“We did think about signs saying: ‘Be Nice, Say Ey Up,’” said John Horscroft from local mountain bike group Ride Sheffield. “But we settled on: ‘Be Nice Say Hi’ because we thought more people would understand it.”
The cheerful message first appeared on local bridleways several years ago (the exact words originated in the USA, John admits), thanks to Ride Sheffield and local land managers the Eastern Moors Partnership.
The initiative helped Ride Sheffield win the ‘Outstanding Campaigning Group’ award from national cycling organisation Cycling UK last month.
“It’s great to be recognised nationally,” said Ride Sheffield’s Henry Norman, “but it’s just as gratifying to see how the Be Nice Say Hi message has spread to other user groups across the country.”
“It’s actually about being nice to everything,” said ranger Louise Baddeley from the Eastern Moors Partnership. “That means fellow trail users, the wildlife and the heritage you find out here: be nice to that too.”
The partnership of the National Trust and RSPB manage the Peak District’s eastern moors on behalf of visitors who travel the trails on foot, horses or bicycles, and for the wildlife that lives there, said Louise.
“There are more people coming out to the Peak District than ever before, which is fantastic, and we want to keep that balance of making sure wildlife is happy and people are happy.”
Modern countryside managers like liaising with well-organised user groups like Ride Sheffield or the BMC (representing climbers and hillwalkers) who can then help to ‘self police’ using word of mouth and social media.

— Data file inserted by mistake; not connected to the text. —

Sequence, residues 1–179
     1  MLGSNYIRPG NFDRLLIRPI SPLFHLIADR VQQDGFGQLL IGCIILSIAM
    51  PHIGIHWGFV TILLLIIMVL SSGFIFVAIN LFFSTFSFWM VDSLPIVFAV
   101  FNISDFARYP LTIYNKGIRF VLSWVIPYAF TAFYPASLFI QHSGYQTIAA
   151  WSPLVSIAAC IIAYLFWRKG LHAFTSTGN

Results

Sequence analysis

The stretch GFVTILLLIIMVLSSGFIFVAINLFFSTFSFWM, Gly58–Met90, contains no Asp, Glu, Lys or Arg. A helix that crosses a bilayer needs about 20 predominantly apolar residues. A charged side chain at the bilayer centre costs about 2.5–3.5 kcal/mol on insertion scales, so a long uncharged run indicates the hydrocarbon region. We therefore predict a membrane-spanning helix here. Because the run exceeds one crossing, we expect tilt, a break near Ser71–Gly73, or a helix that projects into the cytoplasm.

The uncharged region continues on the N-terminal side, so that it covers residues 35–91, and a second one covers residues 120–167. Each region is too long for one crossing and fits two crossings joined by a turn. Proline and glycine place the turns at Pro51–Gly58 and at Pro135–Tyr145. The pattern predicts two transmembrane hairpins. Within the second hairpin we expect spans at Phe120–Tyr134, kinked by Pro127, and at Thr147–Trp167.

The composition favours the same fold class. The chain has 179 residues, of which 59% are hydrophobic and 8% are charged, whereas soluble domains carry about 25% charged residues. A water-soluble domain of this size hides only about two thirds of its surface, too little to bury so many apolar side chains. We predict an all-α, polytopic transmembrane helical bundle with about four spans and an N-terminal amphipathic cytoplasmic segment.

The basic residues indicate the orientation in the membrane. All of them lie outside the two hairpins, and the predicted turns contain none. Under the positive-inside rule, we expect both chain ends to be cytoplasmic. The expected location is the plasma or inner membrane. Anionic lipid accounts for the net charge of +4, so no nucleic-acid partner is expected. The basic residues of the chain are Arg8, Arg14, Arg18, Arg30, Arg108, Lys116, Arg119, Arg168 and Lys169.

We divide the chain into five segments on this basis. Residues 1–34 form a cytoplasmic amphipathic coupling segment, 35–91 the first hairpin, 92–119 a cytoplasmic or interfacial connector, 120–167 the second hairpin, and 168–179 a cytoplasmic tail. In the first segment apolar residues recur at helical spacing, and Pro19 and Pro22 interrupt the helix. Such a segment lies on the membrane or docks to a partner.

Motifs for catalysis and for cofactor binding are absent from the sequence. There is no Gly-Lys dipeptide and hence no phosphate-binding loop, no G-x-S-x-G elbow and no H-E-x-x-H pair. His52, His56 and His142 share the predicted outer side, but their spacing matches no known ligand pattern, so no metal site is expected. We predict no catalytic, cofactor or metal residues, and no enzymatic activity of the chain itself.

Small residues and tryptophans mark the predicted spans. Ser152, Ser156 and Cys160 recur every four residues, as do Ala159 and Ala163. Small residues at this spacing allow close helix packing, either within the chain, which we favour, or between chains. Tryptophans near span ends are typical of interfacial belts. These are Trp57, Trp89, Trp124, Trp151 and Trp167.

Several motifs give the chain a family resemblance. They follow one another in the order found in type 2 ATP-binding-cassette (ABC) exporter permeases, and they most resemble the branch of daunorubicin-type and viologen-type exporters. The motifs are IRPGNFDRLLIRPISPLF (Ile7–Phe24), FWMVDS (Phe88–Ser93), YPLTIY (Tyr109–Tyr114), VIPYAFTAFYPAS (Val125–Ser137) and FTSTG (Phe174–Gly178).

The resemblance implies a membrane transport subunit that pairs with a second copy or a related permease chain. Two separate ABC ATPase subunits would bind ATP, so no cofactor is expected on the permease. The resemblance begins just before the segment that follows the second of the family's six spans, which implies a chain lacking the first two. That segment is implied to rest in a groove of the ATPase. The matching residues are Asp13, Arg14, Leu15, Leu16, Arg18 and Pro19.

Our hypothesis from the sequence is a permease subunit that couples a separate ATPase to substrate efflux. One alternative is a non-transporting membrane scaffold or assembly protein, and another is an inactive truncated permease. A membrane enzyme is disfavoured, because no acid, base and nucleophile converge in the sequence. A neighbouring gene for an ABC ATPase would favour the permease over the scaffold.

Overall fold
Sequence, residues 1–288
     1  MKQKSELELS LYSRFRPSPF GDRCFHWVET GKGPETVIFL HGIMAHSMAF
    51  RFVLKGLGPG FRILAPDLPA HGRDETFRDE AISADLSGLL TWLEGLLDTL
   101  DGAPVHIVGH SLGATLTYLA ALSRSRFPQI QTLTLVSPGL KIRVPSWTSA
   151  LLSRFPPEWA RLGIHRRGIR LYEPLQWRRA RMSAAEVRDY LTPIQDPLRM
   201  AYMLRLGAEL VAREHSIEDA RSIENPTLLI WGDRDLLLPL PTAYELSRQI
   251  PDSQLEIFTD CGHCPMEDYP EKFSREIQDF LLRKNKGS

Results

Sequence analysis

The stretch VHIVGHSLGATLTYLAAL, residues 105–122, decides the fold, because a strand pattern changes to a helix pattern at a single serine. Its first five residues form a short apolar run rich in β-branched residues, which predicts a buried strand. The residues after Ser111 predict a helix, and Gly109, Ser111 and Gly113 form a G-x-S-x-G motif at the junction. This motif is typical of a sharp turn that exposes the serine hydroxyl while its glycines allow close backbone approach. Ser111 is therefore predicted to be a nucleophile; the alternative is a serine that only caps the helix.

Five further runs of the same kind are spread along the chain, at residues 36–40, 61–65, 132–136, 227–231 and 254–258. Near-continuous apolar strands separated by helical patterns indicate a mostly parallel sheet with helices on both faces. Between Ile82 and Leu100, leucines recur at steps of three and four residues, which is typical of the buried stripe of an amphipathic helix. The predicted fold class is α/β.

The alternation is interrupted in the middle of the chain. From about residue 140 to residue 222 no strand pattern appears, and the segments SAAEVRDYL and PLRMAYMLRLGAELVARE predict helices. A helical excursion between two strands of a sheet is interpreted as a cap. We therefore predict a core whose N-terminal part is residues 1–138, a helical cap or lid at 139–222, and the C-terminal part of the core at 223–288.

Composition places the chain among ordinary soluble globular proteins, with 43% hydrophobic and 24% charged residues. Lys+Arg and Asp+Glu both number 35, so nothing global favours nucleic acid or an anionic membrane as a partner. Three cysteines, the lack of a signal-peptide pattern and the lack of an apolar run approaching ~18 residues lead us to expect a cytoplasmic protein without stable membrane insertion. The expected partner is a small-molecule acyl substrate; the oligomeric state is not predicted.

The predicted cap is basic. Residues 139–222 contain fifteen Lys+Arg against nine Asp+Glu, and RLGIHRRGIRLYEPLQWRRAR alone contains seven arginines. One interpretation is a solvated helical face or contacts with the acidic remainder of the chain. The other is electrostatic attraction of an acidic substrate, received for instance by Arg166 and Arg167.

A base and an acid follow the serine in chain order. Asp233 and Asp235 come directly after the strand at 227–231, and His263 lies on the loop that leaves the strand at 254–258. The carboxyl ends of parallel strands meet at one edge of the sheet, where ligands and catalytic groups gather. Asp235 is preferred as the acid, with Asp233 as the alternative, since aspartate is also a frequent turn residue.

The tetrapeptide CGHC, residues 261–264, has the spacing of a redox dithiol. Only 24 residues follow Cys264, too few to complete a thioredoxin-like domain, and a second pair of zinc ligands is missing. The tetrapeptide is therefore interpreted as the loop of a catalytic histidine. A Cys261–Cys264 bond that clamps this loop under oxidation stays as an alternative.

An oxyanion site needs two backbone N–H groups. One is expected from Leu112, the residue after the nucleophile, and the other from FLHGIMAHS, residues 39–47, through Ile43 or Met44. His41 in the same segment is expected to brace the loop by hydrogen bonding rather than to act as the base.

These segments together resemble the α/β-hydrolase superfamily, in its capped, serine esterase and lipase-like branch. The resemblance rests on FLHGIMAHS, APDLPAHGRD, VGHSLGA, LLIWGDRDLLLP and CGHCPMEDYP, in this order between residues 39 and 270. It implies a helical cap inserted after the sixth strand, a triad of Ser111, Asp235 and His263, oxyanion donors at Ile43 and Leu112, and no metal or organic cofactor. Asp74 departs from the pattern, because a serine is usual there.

“By talking to other people interested in conservation, we learned so much that allowed us to pass the correct messages out,” said John Horscroft.
For example cutting erosion by choosing your route according to recent weather. Keeping your dog on a lead in nesting season so it doesn’t scare and scatter young bird or animal families. Cyclists giving way or stopping for walkers and horse riders using the same bridleway.
John said: “If you haven’t got time to volunteer once in a while, just stretch your hand into your pocket instead, and give a few pounds to a conservation charity like the Wildlife Trust or National Trust.”
Louise offers specific moorland advice – if you’re on a footpath, reduce peat erosion by keeping to the marked path rather than straying out onto the moors. Follow the ‘sandwiches not sausages’ message on dry moorland, and keep barbecues for the back garden. Also look out for sunbathing adders on paths and rocks, and if you’re lucky enough to see a snake, stop and give it time to slither away.
Think about the area’s history too, she said. “Remember people have been walking on the moors round Sheffield for thousands of years before you, so please be respectful to our heritage like our bronze age stone circles and 18th century guide stoops.”
Louise is working on a new bridleway map with the Sheffield Moors Partnership to be published by the end of summer. The existing network is available online, and, she hopes, shows cyclists there are plenty of legal byways and bridleway routes to explore the moors without straying onto footpaths.
Other national parks are following the lead of the Be Nice Say Hi campaign, she added.
“It’s simple really. We want everyone to talk to each other, so everyone can use the landscape and everyone can stay happy.”
Trail suggestions from Louise for walkers, cyclists and horse riders.
Ramsley Moor - not so famous local moorland near Baslow Road. “A nice loop takes you through woodland and moors where you might see woodland birds, lizards and dragonflies.”
Barbrook Valley - local wilderness near Owler Bar - “an out and back route where you can also get off your bike and walk to see stone circles and maybe an adder if you’re lucky.”
Curbar and Baslow Edges - various bridleways and quietish roads for out and back and circular routes - “fantastic views, skylarks and maybe red deer too.”